A song dating back at least to the American Civil War. Our version owes much to Dirk Powell and ‘My Dearest Dear’ by Sweeney’s Men. The earliest recording is that of Tommy Jarrell (1901-1985).

  8. Come All You Little Streamers (Trad. arranged Nelson Peach)
    From the singing of Shirley Collins. Much has been written about the meaning of this song. We like think it is about Cornish tin streaming ([ed]'panning' for Cassiterite).

  9. Nottingham Lads (Malcolm Whyman)
    PALS battalions were recruited in many northern towns in the first world war — Barnsley, Accrington, Manchester to name a few — the idea being that men could serve alongside their friends. The prospects and pay appeared more attractive for many than their current circumstances. Malcolm Whyman, the songwriter, is a friend of Richard Peach’s brother and a native of Beeston, Notts. He has released two CDs -
    • Nottingham ‐ the Rough and the Smooth
    • Nottingham ‐ Roughly Speaking (the source of this song)

  10. Moll Malone (Trad. arranged Nelson Peach)
    Someone at Lymm Folk Club passed the version of this by ‘Firebrand’ to us. The song describes the life cycle of a traveller.

  11. Tilbury Town (Rolling Down The River) (Jack Forbes)
    Nelson Peach, ably accompanied by Bernard Cromarty (Vocal) We failed miserably in our search for sea shanty. This is a river shanty we like instead. Jack Forbes wrote the song in 1982 for a radio programme about Tilbury Docks. A TEU (twenty-foot equivalent unit) is a standard-sized metal container, easily transferred between different modes of transportation, such as ships, trains and trucks.

  12. Rattle My Cage (Little Birdie) (Chas Justus — Bluebird Press Music administered by BUG Music)
    From the singing of Linda Ronstadt and Ann Savoy on the CD ‘Adieu False Heart’ discovered during a trip to California. The song is written by Chas Justus of the Red Stick Ramblers from Louisiana.

  13. The End Of The Line (Buz Collins — Fellsongs Music)
    The railway as a metaphor for life. We knew we wanted to do this song from the moment we heard Buz (son of Dolly Collins) perform this as his first number at the Railway Folk Club in Heatley, Lymm in July 1999. Sadly Buz passed away in 2002, leaving a very fine CD ‘Water and Rain’. A second CD, completed before his death has never been released.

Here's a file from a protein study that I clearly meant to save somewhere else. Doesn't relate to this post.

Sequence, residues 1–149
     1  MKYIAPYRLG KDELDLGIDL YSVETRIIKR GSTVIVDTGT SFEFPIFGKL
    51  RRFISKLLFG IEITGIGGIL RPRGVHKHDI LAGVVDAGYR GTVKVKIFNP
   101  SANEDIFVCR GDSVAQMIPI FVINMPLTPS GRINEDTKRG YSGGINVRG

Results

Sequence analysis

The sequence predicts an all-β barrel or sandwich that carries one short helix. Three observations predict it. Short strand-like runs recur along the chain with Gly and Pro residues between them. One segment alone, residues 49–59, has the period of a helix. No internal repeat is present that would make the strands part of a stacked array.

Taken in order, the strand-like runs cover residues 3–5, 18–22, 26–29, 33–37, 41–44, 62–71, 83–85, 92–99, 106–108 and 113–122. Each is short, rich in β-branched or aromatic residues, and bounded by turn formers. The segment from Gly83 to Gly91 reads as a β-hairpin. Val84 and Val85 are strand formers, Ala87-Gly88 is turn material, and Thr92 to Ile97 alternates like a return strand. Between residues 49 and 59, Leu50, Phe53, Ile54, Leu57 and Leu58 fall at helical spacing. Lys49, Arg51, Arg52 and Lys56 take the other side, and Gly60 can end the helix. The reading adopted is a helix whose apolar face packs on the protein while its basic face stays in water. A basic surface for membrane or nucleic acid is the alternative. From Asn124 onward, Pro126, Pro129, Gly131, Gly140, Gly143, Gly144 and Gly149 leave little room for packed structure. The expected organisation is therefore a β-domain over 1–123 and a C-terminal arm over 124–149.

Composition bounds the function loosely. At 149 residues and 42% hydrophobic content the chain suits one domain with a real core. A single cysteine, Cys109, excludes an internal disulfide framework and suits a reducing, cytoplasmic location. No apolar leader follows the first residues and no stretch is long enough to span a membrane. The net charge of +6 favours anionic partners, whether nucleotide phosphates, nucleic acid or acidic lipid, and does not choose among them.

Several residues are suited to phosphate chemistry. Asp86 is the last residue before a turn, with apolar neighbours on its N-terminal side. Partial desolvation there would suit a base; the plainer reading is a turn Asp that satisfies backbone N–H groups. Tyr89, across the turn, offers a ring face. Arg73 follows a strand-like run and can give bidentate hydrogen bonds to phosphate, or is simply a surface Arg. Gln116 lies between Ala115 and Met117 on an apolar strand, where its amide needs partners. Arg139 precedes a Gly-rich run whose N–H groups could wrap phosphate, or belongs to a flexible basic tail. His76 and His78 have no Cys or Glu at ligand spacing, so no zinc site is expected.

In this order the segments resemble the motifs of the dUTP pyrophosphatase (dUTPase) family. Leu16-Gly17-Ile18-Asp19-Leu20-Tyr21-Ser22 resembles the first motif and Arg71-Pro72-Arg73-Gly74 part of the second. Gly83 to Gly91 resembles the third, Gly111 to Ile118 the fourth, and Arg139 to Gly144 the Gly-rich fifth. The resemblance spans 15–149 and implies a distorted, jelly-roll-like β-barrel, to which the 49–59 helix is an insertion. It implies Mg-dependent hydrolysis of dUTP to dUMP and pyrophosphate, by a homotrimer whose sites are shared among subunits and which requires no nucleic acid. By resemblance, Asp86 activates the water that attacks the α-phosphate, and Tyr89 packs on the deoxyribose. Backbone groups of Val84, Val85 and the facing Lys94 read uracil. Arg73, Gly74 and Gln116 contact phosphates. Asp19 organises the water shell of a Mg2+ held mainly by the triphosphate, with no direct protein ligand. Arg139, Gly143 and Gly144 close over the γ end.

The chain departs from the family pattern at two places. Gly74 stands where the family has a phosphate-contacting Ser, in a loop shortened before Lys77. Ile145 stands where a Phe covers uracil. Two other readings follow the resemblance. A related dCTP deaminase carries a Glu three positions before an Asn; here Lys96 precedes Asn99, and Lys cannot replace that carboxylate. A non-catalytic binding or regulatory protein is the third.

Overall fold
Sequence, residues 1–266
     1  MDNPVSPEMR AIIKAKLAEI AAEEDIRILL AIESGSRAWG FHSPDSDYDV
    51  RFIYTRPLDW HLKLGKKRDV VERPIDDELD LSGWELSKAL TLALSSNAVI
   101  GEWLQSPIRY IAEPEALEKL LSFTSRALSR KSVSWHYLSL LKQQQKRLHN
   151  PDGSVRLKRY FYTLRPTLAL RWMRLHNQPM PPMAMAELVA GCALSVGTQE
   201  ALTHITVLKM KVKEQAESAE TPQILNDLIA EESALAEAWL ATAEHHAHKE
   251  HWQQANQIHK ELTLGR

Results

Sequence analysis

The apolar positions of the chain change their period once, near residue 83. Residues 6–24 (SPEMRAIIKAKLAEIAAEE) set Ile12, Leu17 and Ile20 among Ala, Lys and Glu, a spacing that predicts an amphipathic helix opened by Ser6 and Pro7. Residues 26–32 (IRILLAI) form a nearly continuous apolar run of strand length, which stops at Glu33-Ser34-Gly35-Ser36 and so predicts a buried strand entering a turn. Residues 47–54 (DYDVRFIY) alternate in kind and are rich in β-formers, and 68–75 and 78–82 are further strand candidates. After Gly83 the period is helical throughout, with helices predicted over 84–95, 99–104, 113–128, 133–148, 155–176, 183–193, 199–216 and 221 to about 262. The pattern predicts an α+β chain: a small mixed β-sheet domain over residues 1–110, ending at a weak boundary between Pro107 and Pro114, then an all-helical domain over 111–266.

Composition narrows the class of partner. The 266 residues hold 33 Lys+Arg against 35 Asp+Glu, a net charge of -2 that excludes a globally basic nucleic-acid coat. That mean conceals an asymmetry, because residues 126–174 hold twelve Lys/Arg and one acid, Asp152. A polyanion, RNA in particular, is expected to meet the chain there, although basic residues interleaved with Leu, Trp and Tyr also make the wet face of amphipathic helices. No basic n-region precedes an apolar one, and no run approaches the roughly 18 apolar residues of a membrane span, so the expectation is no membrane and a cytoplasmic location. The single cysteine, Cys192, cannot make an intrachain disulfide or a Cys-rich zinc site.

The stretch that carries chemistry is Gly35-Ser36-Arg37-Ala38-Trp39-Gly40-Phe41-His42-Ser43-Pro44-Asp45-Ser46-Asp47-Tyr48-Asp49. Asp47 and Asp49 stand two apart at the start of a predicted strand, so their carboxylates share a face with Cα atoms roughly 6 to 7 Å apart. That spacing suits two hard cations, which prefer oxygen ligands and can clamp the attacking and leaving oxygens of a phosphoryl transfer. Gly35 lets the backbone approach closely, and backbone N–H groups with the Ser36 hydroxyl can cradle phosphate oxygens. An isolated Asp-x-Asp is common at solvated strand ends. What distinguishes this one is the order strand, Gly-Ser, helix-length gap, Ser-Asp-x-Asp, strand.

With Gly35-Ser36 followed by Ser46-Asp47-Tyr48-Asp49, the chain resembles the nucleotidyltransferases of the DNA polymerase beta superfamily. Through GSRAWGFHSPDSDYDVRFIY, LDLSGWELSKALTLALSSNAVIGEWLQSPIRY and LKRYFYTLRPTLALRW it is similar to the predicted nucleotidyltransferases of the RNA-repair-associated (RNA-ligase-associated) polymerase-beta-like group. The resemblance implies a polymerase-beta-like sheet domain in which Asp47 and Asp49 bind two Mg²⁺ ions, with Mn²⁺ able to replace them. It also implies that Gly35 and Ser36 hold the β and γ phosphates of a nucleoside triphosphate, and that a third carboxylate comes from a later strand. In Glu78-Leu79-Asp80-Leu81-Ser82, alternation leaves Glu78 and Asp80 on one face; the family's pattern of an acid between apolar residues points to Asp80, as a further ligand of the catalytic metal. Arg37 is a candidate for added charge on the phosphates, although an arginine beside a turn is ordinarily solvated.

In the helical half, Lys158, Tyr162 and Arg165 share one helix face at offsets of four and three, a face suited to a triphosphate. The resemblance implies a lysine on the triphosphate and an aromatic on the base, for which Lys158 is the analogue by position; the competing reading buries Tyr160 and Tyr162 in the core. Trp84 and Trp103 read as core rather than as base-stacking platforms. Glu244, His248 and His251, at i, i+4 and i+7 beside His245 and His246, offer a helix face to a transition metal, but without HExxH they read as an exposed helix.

14. Following The Old ‘Oss (Tony Deane)
    Padstow May Day celebrations encapsulated in song. We got this from Tony Rose whom we saw sing and play it at Wadebridge Festival in 2001.

Jack Frightenem
Title Link (click below)
Nottingham Lads nottlads.mp3
Bold Doherty bolddoherty.mp3
The Blackest Crow blackestcrow.mp3
Old Oss oldoss.mp3
Jack Frightnem - Full jackfrightenem-full.mp3


SHELFLIFE was our first CD
This CD was recorded in Spring 2005 as a live performance. It was produced and mixed by Bernard Cromarty, a veteran of the local folk scene, who knows our music well. It consists of eight tracks of mainly traditional material and it retails at £6.00 The CD is very similar to our live sound ; the production having involved only minimal effects and overdubbing. The title suggests that whatever effect we have had on the songs won’t be permanent.
CD Art work produced by Sarah Nelson ,     Web page Logo by Jo. Nelson.
CD cover prepared for print by Gary Spicer.

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© RJP/NELSONPEACH ’10-16          version: 30th September ’16